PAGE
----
Why DACA's Latest Court Victory Doesn't Mean Much

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The news of the latest win in court for the Deferred Action for Childhood Arrivals program didn't capture headlines in the same way as past court rulings. Last November, when a judge in California blocked the Trump administration from repealing the Obama-era program that protects young, undocumented immigrants, the state's attorney general called the ruling a "tremendous victory." But on Friday, when a district court in Virginia reached the same ruling—that President Donald Trump did not follow appropriate administrative procedures in undoing the program—the decision garnered little attention.

Perhaps that's because this latest ruling doesn't mean much. By the time the Fourth Circuit Court of Appeals submitted its decision on Friday, three other district courts—in California, New York, and Washington, D.C.—had already blocked Trump from undoing DACA.

However, as I wrote last November, this string of court victories for DACA does not mean that program has been saved:

"I see a lot of people call [these court decision] victories," says Indira Marquez Robles, a DACA recipient attending university in Atlanta. "In a way, I do see it as a victory. But with these victories, there's no real change. I always feel like it's more like just holding on."

Legal experts tend to agree with Marquez Robles. Though DACA has scored a string of legal successes since the Trump administration attempted to end the program, these have done little to protect the program.

One reason these district court rulings haven't "saved" DACA is that a separate lawsuit making its way through a district court in Texas could spell the beginning of the end of the program. In Houston, the conservative Judge Andrew Hanen (who already struck down parts of President Barack Obama's original DACA plan) has a case in front of him that questions not Trump's ability to repeal DACA, but rather the constitutionality of the program itself. Though Hanen disappointed conservatives by declining to issue a preliminary injunction halting DACA, the judge has indicated that he intends to ultimately rule against the program—a decision that will likely come later this year.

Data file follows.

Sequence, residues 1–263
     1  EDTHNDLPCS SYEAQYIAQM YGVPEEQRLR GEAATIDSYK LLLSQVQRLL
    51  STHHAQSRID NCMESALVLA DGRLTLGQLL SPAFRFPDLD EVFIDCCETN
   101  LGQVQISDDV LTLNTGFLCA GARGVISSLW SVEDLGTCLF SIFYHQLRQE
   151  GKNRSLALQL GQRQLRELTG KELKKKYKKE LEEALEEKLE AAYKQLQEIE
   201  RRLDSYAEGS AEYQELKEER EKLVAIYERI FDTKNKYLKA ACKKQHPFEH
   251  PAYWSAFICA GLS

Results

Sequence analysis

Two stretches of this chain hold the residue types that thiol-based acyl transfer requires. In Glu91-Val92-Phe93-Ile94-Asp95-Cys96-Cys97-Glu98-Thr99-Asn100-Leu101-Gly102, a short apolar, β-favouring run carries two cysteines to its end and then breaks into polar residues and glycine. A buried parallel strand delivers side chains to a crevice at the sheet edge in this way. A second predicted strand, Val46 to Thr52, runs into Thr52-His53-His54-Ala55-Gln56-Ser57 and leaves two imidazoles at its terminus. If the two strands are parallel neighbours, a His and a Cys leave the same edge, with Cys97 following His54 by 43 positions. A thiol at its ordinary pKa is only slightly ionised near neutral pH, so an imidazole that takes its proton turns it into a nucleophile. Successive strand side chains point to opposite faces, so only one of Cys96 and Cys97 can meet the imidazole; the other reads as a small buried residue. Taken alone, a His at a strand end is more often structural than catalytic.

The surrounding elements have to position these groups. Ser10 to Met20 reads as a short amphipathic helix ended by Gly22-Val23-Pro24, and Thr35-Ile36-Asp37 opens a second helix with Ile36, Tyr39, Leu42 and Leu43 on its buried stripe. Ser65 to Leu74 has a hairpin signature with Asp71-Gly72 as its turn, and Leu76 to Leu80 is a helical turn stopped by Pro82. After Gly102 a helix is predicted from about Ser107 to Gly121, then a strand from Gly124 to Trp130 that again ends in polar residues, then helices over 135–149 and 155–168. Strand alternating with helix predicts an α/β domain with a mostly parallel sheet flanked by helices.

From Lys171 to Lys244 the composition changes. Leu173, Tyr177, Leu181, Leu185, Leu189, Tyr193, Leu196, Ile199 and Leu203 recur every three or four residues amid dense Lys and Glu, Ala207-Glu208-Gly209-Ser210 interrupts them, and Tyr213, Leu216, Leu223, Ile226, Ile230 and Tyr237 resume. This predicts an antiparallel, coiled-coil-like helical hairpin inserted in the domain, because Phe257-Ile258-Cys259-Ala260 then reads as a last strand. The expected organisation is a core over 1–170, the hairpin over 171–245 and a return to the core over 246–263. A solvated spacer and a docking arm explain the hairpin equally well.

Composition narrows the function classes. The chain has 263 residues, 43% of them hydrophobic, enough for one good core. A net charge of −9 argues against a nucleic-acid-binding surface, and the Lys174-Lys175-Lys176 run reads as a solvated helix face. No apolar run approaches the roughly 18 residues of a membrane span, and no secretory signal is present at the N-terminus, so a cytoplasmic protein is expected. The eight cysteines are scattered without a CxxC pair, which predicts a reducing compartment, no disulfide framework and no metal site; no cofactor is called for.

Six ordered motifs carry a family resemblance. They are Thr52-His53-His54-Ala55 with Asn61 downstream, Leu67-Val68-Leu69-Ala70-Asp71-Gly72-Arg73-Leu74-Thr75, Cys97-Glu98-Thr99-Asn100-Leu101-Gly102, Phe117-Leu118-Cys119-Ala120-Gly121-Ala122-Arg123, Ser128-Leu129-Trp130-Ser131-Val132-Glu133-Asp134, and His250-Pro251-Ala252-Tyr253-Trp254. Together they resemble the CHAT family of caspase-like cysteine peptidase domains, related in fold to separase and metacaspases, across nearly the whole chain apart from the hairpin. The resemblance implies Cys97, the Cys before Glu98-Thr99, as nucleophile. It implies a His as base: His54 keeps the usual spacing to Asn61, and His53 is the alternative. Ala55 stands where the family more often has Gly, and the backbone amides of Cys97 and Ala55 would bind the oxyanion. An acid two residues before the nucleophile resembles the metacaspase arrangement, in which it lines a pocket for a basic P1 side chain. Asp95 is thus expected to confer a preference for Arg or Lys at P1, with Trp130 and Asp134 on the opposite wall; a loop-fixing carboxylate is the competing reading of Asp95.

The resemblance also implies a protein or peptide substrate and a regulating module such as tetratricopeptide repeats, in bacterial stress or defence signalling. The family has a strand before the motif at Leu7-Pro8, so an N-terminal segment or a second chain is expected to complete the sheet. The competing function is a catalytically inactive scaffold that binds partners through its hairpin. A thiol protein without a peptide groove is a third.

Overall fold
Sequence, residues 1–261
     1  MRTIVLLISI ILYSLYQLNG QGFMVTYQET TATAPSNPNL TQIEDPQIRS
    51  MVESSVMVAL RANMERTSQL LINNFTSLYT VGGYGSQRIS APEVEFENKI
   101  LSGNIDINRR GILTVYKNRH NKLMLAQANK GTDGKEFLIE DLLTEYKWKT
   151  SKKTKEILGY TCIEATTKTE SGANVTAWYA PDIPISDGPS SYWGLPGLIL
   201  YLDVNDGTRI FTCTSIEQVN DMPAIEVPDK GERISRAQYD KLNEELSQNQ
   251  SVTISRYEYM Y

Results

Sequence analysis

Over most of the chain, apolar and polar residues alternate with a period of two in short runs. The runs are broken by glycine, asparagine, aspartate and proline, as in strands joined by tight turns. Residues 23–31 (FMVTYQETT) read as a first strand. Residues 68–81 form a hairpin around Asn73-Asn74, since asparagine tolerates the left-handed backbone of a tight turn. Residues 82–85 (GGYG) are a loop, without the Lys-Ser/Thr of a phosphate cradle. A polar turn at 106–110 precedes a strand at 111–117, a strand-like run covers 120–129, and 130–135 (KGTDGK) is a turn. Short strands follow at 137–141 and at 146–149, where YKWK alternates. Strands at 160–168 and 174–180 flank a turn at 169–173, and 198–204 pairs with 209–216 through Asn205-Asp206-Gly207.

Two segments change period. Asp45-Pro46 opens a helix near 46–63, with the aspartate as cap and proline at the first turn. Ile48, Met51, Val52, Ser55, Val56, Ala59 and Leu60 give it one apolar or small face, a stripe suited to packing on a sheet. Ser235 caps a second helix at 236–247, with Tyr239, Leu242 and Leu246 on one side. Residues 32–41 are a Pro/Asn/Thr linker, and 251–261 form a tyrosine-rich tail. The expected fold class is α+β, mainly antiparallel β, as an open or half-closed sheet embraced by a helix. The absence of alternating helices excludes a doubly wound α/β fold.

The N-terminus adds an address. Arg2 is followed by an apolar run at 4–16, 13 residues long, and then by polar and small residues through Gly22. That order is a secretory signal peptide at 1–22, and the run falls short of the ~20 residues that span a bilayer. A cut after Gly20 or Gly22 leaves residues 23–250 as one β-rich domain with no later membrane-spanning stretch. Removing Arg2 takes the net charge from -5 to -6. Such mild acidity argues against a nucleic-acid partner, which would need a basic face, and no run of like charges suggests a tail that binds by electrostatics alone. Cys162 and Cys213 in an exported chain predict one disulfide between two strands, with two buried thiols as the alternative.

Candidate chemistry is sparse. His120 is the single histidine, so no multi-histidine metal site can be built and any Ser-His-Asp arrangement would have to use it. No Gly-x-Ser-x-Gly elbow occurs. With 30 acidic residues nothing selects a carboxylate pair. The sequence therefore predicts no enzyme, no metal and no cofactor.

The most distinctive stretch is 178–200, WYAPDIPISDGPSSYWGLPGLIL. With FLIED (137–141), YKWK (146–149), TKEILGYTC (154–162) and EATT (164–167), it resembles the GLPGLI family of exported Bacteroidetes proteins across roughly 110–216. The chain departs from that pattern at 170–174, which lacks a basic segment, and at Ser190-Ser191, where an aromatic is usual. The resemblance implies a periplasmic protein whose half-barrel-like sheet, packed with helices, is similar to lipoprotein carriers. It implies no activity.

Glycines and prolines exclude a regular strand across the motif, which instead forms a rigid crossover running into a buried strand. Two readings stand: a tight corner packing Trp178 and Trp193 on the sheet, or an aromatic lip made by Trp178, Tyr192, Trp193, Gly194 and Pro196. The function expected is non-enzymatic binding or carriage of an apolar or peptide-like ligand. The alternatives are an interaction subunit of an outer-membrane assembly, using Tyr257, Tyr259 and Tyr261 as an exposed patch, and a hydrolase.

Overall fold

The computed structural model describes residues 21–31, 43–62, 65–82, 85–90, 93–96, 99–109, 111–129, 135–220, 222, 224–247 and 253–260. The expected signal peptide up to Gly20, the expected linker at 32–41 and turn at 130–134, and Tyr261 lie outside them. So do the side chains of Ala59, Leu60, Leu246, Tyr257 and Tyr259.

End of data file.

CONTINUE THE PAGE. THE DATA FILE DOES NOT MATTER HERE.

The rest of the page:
Hanen's potential ruling against DACA would place the country in a bizarre legal scenario, in which some judges will have declared it illegal for Trump to undo DACA, and another judge will have ruled that it's illegal for the government to continue DACA. This means that the Supreme Court will likely take up the case in the fall—and, with five conservative justices on the bench, it's not unlikely that the program will meet its demise in the nation's highest court.

DACA currently exists as an exercise of executive power. That means that one of the only sure ways to protect the program and ensure its longevity would be for Congress to pass a bill etching DACA into law. But as Pacific Standard reported earlier this week, DACA is absent from Trump's latest immigration plan. This means it's unlikely that the conservative Senate and liberal House of Representatives will suddenly reach a compromise that preserves the program.

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